Slant: Santiago, Chile, recently underwent a transition that hit the United States decades ago—more and more people are now shopping at supermarkets. “Even though people prefer the prices and quality of regular old farmers’ markets, supermarkets are always open, and usually convenient,” says Laura Cussen, a Chilean biologist who notes that supermarkets are also typically a lot less conducive to seasonal eating. “As a culture, we’re forgetting when orange season is, or that there’s no such thing as a ‘normal’ tomato—the current generation is getting used to cosmetically perfect, watered-down produce.” Along with Slant team members Aníbal Fuentes Palacios, Carla Muttoni, Francisco Humeres, Jose Hernández, Paolma González Rojas, and Agustina González Cid, Cussen wondered how to get people to buy seasonal provisions from local producers. “We asked ourselves, ‘How does nature spread useful information about food, and how to get it?”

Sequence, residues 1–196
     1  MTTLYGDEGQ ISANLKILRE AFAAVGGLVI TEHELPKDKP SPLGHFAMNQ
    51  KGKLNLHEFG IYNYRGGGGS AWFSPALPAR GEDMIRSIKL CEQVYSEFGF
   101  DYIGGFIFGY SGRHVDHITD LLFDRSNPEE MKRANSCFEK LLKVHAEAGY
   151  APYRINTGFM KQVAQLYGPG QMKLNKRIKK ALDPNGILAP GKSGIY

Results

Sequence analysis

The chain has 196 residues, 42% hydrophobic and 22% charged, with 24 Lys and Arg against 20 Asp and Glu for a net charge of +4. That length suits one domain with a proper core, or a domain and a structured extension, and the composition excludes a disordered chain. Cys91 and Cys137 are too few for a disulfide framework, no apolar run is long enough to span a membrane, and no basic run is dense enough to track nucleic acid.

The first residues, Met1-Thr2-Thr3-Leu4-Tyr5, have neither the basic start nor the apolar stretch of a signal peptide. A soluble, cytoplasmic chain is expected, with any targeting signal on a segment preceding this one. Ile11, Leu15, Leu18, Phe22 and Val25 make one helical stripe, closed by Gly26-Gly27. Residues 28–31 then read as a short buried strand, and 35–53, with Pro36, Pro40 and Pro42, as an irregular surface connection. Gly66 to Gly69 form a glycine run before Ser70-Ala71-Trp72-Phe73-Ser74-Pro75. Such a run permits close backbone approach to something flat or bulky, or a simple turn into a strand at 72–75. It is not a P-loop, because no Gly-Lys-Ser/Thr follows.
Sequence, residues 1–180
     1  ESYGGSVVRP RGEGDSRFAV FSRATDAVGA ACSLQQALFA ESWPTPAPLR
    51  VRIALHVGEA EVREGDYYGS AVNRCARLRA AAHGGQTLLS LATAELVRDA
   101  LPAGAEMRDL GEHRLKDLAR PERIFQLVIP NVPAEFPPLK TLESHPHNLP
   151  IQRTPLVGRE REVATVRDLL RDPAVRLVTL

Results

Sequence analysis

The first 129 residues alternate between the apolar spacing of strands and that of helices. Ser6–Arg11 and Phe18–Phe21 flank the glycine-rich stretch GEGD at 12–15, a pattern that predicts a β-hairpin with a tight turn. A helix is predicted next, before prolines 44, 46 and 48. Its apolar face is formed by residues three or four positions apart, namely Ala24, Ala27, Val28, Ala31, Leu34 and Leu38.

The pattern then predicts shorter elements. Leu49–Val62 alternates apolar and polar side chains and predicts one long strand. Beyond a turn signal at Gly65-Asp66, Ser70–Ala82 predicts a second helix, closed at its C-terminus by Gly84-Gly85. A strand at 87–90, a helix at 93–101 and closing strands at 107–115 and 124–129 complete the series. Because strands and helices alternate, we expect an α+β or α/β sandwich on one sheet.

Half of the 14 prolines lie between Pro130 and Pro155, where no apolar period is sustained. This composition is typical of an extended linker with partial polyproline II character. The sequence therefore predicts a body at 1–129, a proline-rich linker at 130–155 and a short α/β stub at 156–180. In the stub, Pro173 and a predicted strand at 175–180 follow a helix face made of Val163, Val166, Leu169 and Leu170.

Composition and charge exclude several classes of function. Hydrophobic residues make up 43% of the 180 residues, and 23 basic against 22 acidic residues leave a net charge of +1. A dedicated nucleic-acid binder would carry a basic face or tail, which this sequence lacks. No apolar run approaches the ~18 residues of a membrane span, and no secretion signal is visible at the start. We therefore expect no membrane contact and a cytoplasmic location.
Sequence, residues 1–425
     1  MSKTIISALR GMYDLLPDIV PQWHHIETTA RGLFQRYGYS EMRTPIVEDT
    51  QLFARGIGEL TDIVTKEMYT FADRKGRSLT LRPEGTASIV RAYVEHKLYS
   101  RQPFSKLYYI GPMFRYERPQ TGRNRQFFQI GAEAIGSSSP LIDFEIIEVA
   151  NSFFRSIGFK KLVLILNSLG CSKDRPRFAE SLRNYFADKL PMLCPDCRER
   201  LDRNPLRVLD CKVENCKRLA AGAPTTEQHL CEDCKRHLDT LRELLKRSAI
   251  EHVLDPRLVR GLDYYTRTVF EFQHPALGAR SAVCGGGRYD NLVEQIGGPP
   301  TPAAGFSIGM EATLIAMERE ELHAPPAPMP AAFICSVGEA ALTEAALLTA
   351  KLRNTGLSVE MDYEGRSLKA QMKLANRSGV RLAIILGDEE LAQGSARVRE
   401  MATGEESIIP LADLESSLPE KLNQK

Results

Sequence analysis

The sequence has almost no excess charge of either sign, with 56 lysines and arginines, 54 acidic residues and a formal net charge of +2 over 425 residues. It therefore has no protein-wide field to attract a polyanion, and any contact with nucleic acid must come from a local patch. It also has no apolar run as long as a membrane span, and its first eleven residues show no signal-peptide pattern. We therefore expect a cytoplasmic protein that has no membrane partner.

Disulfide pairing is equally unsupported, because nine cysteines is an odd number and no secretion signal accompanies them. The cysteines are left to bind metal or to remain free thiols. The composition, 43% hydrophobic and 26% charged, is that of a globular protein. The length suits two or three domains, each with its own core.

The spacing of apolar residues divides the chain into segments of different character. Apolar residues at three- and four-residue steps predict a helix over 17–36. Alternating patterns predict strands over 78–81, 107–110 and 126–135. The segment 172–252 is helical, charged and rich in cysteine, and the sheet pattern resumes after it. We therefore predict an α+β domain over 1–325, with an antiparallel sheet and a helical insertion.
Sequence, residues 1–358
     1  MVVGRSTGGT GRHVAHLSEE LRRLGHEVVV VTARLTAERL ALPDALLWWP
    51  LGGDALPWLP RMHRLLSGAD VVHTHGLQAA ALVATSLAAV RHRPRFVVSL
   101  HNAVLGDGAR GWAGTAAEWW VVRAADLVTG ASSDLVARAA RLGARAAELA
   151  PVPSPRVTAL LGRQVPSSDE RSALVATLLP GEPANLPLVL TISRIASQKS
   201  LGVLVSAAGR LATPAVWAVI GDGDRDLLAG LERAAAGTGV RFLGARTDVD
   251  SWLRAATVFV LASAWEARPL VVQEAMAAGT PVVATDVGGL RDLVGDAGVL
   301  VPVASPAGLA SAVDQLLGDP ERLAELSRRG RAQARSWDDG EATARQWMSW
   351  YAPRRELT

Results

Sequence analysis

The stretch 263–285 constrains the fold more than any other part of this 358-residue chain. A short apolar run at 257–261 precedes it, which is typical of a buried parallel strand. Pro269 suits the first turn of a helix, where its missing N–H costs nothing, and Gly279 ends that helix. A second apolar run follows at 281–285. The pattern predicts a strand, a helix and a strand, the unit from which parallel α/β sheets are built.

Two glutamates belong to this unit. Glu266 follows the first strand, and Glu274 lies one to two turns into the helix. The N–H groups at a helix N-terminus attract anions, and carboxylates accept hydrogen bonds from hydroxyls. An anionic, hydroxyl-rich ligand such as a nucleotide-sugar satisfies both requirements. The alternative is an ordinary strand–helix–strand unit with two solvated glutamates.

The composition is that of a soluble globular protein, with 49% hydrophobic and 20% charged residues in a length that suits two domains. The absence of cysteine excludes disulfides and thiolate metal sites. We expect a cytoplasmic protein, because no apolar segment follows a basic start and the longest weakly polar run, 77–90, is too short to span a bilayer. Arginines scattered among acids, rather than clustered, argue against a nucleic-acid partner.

It didn’t take long for the team to land on ants, which communicate horizontally, via pheromones and in real time, about sources of food. In ant colonies, individual actions lead to better collective decisions about how the colony finds food, based on the quality, reliability, and availability of resources. “Nature rewards cooperation,” Cussen says.

This was the basis for Sobremesa, team Slant’s mobile app that mimics ants’ modes of communication by connecting consumers (those who desire food products) with producers (farmers, fishers, bakers). Sobremesa, the Latin American term for the post-meal period of digesting and socializing, allows users to make food decisions that are informed by the surrounding community. Sobremesa users can use the app to rate the quality of a given food source (say, a roadside fruit vendor, a local butcher, or even a ripe plum tree in a public place) and indicate how it was produced. This data is then used to help direct others to quality food sources.

Aside from coordinating actions between community members and showcasing local food producers, Sobremesa aims to make up for supermarkets’ lack of transparency around food. “People can indicate their personal preferences when they create an account,” Cussen explains. “Maybe you have an allergy, or it’s important to you to always avoid palm oil. When you look up a certain type of food—eggs or tomatoes or whatever—the app ranks what’s locally available, specifically according to your values.” Team Slant is now refining and beta-testing Sobremesa.